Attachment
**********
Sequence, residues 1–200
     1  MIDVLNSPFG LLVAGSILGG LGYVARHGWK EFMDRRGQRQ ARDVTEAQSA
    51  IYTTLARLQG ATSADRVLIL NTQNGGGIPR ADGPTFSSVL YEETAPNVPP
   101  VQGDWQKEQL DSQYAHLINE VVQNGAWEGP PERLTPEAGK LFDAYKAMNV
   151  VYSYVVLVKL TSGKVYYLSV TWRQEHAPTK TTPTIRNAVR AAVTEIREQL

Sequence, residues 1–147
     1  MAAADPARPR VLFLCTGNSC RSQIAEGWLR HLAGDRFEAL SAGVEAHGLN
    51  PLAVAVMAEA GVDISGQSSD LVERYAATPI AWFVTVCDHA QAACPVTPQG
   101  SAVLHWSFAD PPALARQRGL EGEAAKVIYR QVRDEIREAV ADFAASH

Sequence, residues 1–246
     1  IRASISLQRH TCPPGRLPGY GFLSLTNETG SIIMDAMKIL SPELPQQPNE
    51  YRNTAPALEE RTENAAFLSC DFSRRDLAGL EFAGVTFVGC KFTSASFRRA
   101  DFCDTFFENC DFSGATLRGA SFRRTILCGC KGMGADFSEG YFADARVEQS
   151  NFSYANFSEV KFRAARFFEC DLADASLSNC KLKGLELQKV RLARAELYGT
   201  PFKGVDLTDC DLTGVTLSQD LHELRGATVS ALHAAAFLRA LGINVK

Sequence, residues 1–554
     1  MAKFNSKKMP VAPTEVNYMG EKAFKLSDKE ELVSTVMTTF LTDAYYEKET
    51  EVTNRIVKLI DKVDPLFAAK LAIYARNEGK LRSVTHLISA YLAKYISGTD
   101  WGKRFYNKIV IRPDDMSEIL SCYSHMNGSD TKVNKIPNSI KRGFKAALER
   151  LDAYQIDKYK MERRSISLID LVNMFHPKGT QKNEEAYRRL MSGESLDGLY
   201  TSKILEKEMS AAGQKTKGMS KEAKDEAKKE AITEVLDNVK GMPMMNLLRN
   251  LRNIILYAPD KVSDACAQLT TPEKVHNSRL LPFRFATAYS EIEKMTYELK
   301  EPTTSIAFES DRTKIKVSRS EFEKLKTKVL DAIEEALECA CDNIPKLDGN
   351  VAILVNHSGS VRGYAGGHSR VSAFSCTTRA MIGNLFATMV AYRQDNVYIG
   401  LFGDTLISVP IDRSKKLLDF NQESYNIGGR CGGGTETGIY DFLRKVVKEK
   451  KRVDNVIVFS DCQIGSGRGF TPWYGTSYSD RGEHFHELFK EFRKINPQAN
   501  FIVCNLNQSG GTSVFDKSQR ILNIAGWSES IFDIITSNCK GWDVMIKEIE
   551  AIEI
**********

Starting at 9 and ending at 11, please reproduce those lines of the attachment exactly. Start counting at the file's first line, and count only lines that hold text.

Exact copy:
   101  SAVLHWSFAD PPALARQRGL EGEAAKVIYR QVRDEIREAV ADFAASH

Sequence, residues 1–246
     1  IRASISLQRH TCPPGRLPGY GFLSLTNETG SIIMDAMKIL SPELPQQPNE